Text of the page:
Waldichuk walks none, gets better feel in 2nd start

September 8th, 2022

OAKLAND -- For as electric as Ken Waldichuk looked in his Major League debut last week, the left-hander came away from that outing in Washington, D.C., with a clear idea of what he could improve on.

Command was the main area Waldichuk needed to address. Battling expected nerves in that first start, his four walks contributed to a high pitch count that ultimately led to an exit before he could complete five innings despite allowing only one run and striking out six batters.

Back on the mound Wednesday for his first start at the Coliseum -- just 15 miles south of Saint Mary’s College in nearby Moraga, Calif., where he starred as an amateur -- Waldichuk had much more control of his anxiety in the A’s 7-3 loss to the Braves, getting through 5 1/3 innings without issuing a walk as he limited the defending World Series champions to three runs on three hits with two strikeouts.

“His first start, I asked him what he felt out there, and he said, ‘I couldn’t feel anything,’” said A’s manager Mark Kotsay said. “Today, I think he did. He looked more relaxed. He got into the action right away and into the strike zone immediately. That definitely was an improvement from day one.”

During his first time through Atlanta’s potent lineup, Waldichuk retired eight of nine batters faced. His only blemish was an infield single by Travis d’Arnaud in the second as he efficiently navigated his first three innings scoreless on 49 pitches. 

The totality of damage allowed by Waldichuk really came down to two pitches that left the yard. After hitting d’Arnaud with a pitch to lead off the fifth, Vaughn Grissom pounced on a first-pitch fastball from Waldichuk and drove it over the wall in right for a game-tying two-run homer. In the sixth, Dansby Swanson’s solo shot on a 3-2 fastball marked the end of Waldichuk’s outing.

“Outside of the two home runs, he really pitched well today,” Kotsay said of Waldichuk. “He got us into the sixth inning. The Swanson at-bat, he makes a pretty good pitch 2-2 that could have got him, and then Swanson takes a good swing on a fastball up that he’d beaten him with earlier in the game.”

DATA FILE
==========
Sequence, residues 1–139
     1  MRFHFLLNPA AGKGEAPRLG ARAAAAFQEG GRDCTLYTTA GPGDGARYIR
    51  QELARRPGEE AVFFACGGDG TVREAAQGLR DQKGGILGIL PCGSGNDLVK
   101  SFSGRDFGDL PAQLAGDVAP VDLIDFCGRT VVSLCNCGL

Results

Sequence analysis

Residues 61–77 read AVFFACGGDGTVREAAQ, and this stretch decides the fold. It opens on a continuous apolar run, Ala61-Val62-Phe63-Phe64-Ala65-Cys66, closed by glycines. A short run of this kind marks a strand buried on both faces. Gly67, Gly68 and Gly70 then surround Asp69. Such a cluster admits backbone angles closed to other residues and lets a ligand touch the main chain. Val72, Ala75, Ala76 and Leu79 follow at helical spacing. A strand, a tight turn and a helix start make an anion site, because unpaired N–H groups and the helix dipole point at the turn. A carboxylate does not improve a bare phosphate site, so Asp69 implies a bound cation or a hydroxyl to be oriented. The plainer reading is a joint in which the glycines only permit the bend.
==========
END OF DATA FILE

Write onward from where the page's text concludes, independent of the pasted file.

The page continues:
Of the two homers, it was the location of the one surrendered to Grissom that left Waldichuk more frustrated.

“The first one was just bad execution,” Waldichuk said. “It was supposed to be in and I left it out over the plate. Second one, I thought it was a good pitch and they hit it. One decent [pitch] and one bad.”

For the most part, Waldichuk’s fastball was still his sharpest pitch, and he relied on it heavily. Maxing out at 96.7 mph, he threw it for 59 of his 92 pitches, generating 40 swings and five whiffs (swing and misses) with the heater.

“His fastball can beat people, so he definitely has confidence in it,” Kotsay said. “He realized after his first start that these big league hitters can hit a fastball. It doesn’t matter how hard it is. I think today was a sign that he located it better. He threw it where he wanted to and more effectively.”

Command of the fastball helped make up for what Waldichuk said was a lack of feel for his offspeed pitches, particularly his changeup, which he only threw 13 times Wednesday as opposed to 20 times in his previous outing as one of his more effective offerings.

“That [fastball command] helped to be able to rely on that when I wasn’t really executing my offspeed too well,” Waldichuk said. “I think that was a pretty big difference-maker this time around.”

Ranked as Oakland’s top pitching prospect and the No. 70 overall prospect in the Majors per MLB Pipeline, Waldichuk’s arrival to the Major Leagues certainly came with a lot of hype. Given his demeanor on the mound Wednesday against one of baseball’s better offenses, the A’s believe he’s well-equipped to handle the extra buzz.

That’s why Kotsay had no hesitation throwing out the name of a Cy Young Award winner when the question of a comp for the tall left-handed rookie came up.

“I was asked earlier in the day who I’d compare him to, and Robbie Ray comes to mind a little bit,” Kotsay said. “That’s a lofty name to throw out, but I think there’s some similarities there.”